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Lancet. 2013 Apr 20;381(9875):1380-90. doi: 10.1016/S0140-6736(12)61901-1. Epub 2013 Jan 29.

Global and regional burden of hospital admissions for severe acute lower respiratory infections in young children in 2010: a systematic analysis.

Abstract

BACKGROUND:

The annual number of hospital admissions and in-hospital deaths due to severe acute lower respiratory infections (ALRI) in young children worldwide is unknown. We aimed to estimate the incidence of admissions and deaths for such infections in children younger than 5 years in 2010.

METHODS:

We estimated the incidence of admissions for severe and very severe ALRI in children younger than 5 years, stratified by age and region, with data from a systematic review of studies published between Jan 1, 1990, and March 31, 2012, and from 28 unpublished population-based studies. We applied these incidence estimates to population estimates for 2010, to calculate the global and regional burden in children admitted with severe ALRI in that year. We estimated in-hospital mortality due to severe and very severe ALRI by combining incidence estimates with case fatality ratios from hospital-based studies.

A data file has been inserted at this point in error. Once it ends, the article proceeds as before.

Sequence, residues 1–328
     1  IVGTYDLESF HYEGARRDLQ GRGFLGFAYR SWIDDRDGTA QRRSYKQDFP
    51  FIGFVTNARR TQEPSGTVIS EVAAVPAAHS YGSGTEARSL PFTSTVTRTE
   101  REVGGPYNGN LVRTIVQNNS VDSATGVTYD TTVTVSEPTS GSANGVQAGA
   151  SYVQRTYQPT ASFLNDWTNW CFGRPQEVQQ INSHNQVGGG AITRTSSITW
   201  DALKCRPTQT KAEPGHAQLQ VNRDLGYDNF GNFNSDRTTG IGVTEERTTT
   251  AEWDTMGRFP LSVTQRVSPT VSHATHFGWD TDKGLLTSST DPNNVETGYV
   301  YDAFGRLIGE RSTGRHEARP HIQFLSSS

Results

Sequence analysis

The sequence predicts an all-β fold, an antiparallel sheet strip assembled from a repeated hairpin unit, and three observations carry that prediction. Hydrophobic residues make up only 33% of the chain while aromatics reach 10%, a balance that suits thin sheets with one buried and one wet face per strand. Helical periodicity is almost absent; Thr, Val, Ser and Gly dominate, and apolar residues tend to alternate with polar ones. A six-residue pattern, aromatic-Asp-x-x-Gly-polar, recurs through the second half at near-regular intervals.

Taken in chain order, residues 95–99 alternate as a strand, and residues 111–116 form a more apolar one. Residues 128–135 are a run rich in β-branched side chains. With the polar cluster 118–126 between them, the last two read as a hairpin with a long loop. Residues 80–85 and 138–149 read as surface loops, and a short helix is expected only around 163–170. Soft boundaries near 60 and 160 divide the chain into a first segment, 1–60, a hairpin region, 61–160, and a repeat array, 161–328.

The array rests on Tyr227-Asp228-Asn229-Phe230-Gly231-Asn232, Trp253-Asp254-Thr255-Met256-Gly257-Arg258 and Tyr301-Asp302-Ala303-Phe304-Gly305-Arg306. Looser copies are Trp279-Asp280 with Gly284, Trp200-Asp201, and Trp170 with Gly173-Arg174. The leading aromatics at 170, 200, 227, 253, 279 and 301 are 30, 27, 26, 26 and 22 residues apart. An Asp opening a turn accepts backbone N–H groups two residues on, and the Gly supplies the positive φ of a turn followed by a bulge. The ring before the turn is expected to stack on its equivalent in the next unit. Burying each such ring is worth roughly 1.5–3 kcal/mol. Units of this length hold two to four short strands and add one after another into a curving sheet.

FINDINGS:

We identified 89 eligible studies and estimated that in 2010, 11·9 million (95% CI 10·3-13·9 million) episodes of severe and 3·0 million (2·1-4·2 million) episodes of very severe ALRI resulted in hospital admissions in young children worldwide. Incidence was higher in boys than in girls, the sex disparity being greatest in South Asian studies. On the basis of data from 37 hospital studies reporting case fatality ratios for severe ALRI, we estimated that roughly 265,000 (95% CI 160,000-450,000) in-hospital deaths took place in young children, with 99% of these deaths in developing countries. Therefore, the data suggest that although 62% of children with severe ALRI are treated in hospitals, 81% of deaths happen outside hospitals.

INTERPRETATION:

Severe ALRI is a substantial burden on health services worldwide and a major cause of hospital referral and admission in young children. Improved hospital access and reduced inequities, such as those related to sex and rural status, could substantially decrease mortality related to such infection. Community-based management of severe disease could be an important complementary strategy to reduce pneumonia mortality and health inequities.

FUNDING:

WHO.

Copyright © 2013 World Health Organization. Published by Elsevier Ltd/Inc/BV. All rights reserved. Published by Elsevier Ltd. All rights reserved.

PMID:
23369797
[PubMed - indexed for MEDLINE]
PMCID:
PMC3986472
Free PMC Article
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